Issues spur pro-Israel PAC

Iran arms, Hamas, leak case loom as Baltimore native takes the helm


WASHINGTON -- It's 10 p.m., somewhere in the bowels of the vast Washington Convention Center, and Howard Friedman - after a long day of speeches, flesh-pressing and high-level schmoozing - is still a smiling bundle of energy.

He leans his husky frame forward in his chair as he describes his lofty goals for the American Israel Public Affairs Committee, the influential pro-Israel lobby. At 40, the Baltimore-born Friedman is about to become the youngest president ever of the organization, which faces enormous challenges.

Chief among them is the specter of a nuclear-armed Iran, whose president has called for Israel to be wiped off the map, and the ascendancy of the militant Hamas faction in the Palestinian territories. Friedman also must help AIPAC recover from a scandal involving key former staff members that has left a stain on the group and raised questions about how it wields its power in Washington.

FOR THE RECORD - The headline on an article in Wednesday's editions about the American Israel Public Affairs Committee incorrectly referred to the group as a PAC, or political action committee. AIPAC does not give money to political candidates.
The Sun regrets the errors.

Vice President Dick Cheney chose AIPAC's annual policy conference yesterday as a forum for ratcheting up the Bush administration's rhetoric against Iran, promising "meaningful sanctions" if the country does not abandon its nuclear program.

"We will not allow Iran to have a nuclear weapon," he said.

Shortly after Friedman is to take AIPAC's helm April 1, former staffers Steven J. Rosen and Keith Weissman are scheduled to go to trial on federal charges that they received classified information about terrorism from a Pentagon analyst, Lawrence A. Franklin, and passed it to a journalist and an Israeli official in violation of the Espionage Act.

The case has called into question AIPAC's greatest asset - its high-level connections with officials throughout the U.S. government - and sparked bitterness among some pro-Israel activists and American Jews who believe AIPAC is being unfairly targeted for tactics that are commonplace among top lobbyists in Washington.

Friedman brushes aside questions about the case, contending that AIPAC has never been stronger and noting that the group's membership has swelled by 25 percent over the past two years. Its annual policy conference this week drew a record 5,000 people, with prominent speakers from the Bush administration and congressional leaders from both parties.

Key issues

Countering Iran's nuclear push and cutting off U.S. aid to a Hamas-led Palestinian government are AIPAC's top issues, said Friedman, a longtime Jewish activist and veteran of Maryland politics.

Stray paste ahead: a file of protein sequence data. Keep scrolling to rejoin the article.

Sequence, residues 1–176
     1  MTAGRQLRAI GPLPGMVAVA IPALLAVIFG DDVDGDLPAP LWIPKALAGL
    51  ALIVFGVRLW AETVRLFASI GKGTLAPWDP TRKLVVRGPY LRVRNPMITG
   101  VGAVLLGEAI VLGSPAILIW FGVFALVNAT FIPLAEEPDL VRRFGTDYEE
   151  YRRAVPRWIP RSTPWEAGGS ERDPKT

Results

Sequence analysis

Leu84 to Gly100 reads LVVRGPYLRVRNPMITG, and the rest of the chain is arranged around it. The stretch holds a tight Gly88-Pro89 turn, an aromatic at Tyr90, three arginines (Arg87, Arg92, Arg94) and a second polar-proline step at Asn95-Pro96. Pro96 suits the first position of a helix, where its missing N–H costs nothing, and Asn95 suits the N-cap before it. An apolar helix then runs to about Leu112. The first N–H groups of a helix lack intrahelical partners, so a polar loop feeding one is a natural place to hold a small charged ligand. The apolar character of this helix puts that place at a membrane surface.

"My goal is really to lead this organization at a historic moment," he said.

The AIPAC employees accused in the leak case were fired by the organization last March, six months after they were implicated in the case, for what Patrick Dorton, an AIPAC spokesman, called "conduct that was not part of their jobs and was beneath the standards required of AIPAC employees."

Despite AIPAC's contention that Rosen and Weissman acted on their own, the lobbying powerhouse has hired a law firm to scrutinize the way it does business and advise its leaders on any changes that might be needed "to ensure that nothing like this can ever happen again," said a person close to the case, speaking on condition of anonymity because he was not authorized to disclose the review.

It will be Friedman, in conjunction with the group's other 48 board members, who ultimately decide whether - and, if so, how - AIPAC needs to change to avoid legal trouble in the future.

On the move

Friedman, an observant Jew who wears a yarmulke on his head and rimless spectacles on his boyish face, rarely stands still. As he stood to applaud the many speakers who paraded before this week's gathering to praise him and declare solidarity with Israel, Friedman would shift his weight from side to side, seeming to sway to the beat of his organization's clout.

A wealthy hedge fund manager who started his first business, a publishing company, at 19, Friedman has been an active fundraiser for Democrats in Maryland and around the country. AIPAC's first Orthodox president, also known as Tzvi, is kept busy at home by two sets of twins, Aryeh and Gabby, 11, and Alex and Daniella, 5. His wife, Karen, called Chaya, is a judge in Baltimore orphans' court.

Savvy but not slick after years of fueling the political ambitions of others, Friedman is just learning what it means to head an organization with AIPAC's reputation and influence. He laughs warmly and makes small talk as aides squirm, quietly but insistently informing him that he has someplace else to be. He is not used to being handled, they say.

`Stronger than ever'

But he is relentlessly on message. Friedman used the phrase "stronger than ever" three times in as many minutes as he talked about AIPAC. The climate for his organization's activities is ideal, he added, saying that it is "working hand in hand with the administration and Congress."

Indeed, there are few signs that the leak case has undercut AIPAC's influence. If anything, said many attendees this week, it has strengthened the group's determination to make its voice heard.

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